The exhibition Blind Spot (Slepá skrvna, curated by Milan Mikulaštík, June 7 - July 16, 2013, NTK Gallery, Prague) explored utopian "non-places" in urban spaces as well as within mental and social environments. Peroutka's project for this show, Strike?, alludes to the student and peasant protests in Japan during the 1960s and '70s, whose radicalness exceeded that of similar movements in the West. Peroutka contrasts the urgency of these and related protests at the time with our current situation where it seems harder and harder to mobilize people to take their futures into their own hands. In Strike?, a siren is activated every twenty minutes. In between these calls, the installation is filled with sounds recorded on the streets of Prague.
Written by Adele Eisenstein, Márton Pacsika, Hajnalka Somogyi, Eszter Szakács
Friday, 20 September 2013 05:57
In this interview, Eszter Szakács, a young Hungarian curator, interviews three curators, of different generations, working in Hungary: Hajnalka Somogyi, Adele Eisenstein, and Márton Pacsika. These discussions explore recent changes within the cultural policy of the Hungarian government and, more specifically, how they affect curatorial work.
Adele Eisenstein is a freelance curator based in Budapest, Hungary. She emigrated to Budapest in 1990, where she worked for the Balázs Béla Studio and Toldi Cinema. She was also a curator of the alternative art spaces “Turkish” Bath and Folyamat Galéria in Budapest. She is a former editor of the art journal Praesens (2002-05), and has written, translated, and edited numerous books and catalogues, and hundreds of articles. She is former chair and current board member of Amnesty International Hungary. She is curator of the group show Out of the Museum and into the Street (Pavelhaus, Steirische Herbst, 2013, http://www.steirischerherbst.at/2013/english/index.php).
Márton Pacsika is an emerging curator based in Budapest. He was a co-founder and curator of the Demo Gallery, Budapest (2010-2012), and is currently a board member of the Studio of Young Artist’s Association and of the Labor Gallery committee. His main fields of research include twentieth-century Hungarian Progressivism, cultural policy, and socially engaged art.
Hajnalka Somogyi is a freelance curator based in Budapest. She holds a Diploma in Art History from ELTE Budapest, and an MA from the Center for Curatorial Studies, Bard College, NY. She was a curator at the Ludwig Museum - Museum of Contemporary Art, Budapest (2009-2012) and at Trafo - House of Contemporary Arts, Budapest (2001-2006). She co-founded the independent initiatives Dinamo and Impex, both in Budapest.
Eszter Szakács is a curator and researcher based in Budapest. She currently works at the contemporary art organization tranzit. hu in Budapest, where she curated the project of The Pseudo Race Group Liberagility (2012). She is the editor and working group member of the ongoing collaborative research project Curatorial Dictionary. In June 2013, she was a resident at the Hordaland Art Centre in Bergen, Norway. Previously she worked at the Műcsarnok/ Kunsthalle, Budapest, as an assistant curator (2008–2010). Her main fields of interest include the histories and discourses of curating, cultural translation, and the political in art.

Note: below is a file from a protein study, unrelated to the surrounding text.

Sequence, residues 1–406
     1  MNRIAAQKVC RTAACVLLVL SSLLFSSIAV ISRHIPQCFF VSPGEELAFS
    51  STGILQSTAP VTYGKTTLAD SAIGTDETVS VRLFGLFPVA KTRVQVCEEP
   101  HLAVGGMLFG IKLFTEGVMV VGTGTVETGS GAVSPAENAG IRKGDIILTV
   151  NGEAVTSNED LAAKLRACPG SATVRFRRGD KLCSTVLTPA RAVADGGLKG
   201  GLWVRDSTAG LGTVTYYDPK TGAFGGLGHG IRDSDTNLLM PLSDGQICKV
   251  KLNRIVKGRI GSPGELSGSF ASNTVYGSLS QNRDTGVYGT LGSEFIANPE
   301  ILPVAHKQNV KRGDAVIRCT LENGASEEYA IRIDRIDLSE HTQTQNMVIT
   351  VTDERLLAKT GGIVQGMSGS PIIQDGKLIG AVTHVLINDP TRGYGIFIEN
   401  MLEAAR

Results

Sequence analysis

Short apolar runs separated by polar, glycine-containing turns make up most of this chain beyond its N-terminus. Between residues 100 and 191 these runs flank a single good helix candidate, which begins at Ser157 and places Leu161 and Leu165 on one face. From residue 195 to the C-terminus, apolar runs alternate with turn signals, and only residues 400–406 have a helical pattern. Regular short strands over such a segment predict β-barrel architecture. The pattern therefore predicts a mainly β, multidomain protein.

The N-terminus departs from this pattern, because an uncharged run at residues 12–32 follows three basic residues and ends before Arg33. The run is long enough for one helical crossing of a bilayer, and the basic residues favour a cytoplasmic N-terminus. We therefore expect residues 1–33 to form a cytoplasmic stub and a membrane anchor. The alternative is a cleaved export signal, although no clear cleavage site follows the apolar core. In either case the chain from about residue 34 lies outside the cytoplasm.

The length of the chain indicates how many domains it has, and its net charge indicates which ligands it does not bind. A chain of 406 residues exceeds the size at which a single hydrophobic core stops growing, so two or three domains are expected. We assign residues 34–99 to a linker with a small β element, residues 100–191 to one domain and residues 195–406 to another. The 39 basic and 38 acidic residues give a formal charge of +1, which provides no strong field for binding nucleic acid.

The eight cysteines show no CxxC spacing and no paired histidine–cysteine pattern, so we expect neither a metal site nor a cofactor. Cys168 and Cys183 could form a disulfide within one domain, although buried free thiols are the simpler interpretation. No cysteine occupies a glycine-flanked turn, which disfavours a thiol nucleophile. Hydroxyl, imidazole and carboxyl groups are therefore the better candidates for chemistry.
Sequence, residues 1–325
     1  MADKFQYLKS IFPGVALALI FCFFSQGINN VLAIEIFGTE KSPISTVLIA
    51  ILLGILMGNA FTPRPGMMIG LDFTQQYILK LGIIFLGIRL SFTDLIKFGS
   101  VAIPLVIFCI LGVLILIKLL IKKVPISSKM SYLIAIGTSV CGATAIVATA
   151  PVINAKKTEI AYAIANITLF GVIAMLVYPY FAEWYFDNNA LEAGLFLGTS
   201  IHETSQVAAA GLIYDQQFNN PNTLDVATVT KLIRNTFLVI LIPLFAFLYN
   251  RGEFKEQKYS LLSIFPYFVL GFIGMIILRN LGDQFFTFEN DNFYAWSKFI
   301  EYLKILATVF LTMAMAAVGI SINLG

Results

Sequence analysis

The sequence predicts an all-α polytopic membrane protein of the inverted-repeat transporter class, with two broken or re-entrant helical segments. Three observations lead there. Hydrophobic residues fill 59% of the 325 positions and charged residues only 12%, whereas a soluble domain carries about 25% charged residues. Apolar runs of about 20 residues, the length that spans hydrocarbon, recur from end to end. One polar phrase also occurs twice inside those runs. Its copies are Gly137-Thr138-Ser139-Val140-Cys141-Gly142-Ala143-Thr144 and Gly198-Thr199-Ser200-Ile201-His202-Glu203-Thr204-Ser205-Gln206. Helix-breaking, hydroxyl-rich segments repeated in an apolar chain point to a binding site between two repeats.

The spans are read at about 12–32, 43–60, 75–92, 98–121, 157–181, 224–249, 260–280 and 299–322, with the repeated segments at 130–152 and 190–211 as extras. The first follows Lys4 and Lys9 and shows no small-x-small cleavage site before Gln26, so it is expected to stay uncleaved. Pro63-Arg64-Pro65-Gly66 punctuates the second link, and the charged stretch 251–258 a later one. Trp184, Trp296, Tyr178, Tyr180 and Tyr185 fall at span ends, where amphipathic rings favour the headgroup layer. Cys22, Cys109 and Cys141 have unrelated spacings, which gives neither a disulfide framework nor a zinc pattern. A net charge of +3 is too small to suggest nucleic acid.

I spoke with Dan Perjovschi, one of the most internationally respected artists living in Romania, about his political activities against the Rosia Montana cyanide gold mining project (headed by Gabriel Resources, a Canadian corporation). On August 27, 2013, a law was passed in a closed-door session of parliament to go forward with the project despite fifteen years of debate and opposition. In response and starting on September 1, protests against this law, the project, and the corruption linked to this project have erupted around the country and internationally, with tens of thousands of people from different political backgrounds (including progressive and nationalist) galvanized into action. The demands of the protesters are that the law be rescinded and that the ministers responsible for pushing it forward and accepting payment from Gabriel Resources be fired. Perjovshi made several drawings with short but powerful statements that communicate and represent the sentiments of the protest-movement.
ARTMargins Print has released its new issue, 2:3 (October 2013): Daniel R. Quiles (Chicago) examines Argentine artist David Lamelas' Publication (1970) ("My Reference is Prejudiced: David Lamelas’s Publication"). Stephanie Schwartz (London) considers Paul Strand's work in film as a reflection on the artist's photography, and vice versa. Magda Radu (Bucharest) examines Romanian artist Horia Bernea before the background of conceptual tendencies in Romanian postwar art. In the Document section, Osvaldo de la Torre presents his translation of an excerpt from Ronald Kay’s influential book On Photography: Time Split in Two, which was first published in Chile in 1980. Andrew Stefan Weiner (Oakland/CA) reviews Immanence and Infidelity: Fifteen Ways to Leave Badiou. Artist project: in an exclusive artist project and fold-out section, Melbourne-based Tom Nicholson reflects on conceptual monuments to Palestine.